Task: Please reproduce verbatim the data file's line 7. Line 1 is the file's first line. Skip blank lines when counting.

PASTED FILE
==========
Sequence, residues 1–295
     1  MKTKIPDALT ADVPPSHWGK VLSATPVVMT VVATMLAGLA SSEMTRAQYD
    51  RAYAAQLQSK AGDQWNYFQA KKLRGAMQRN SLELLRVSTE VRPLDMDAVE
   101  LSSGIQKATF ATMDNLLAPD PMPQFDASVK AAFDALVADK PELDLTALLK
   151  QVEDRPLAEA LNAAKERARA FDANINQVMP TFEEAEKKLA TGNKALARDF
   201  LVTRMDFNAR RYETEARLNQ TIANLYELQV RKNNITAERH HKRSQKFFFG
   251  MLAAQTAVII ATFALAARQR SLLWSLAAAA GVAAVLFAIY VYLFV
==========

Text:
   251  MLAAQTAVII ATFALAARQR SLLWSLAAAA GVAAVLFAIY VYLFV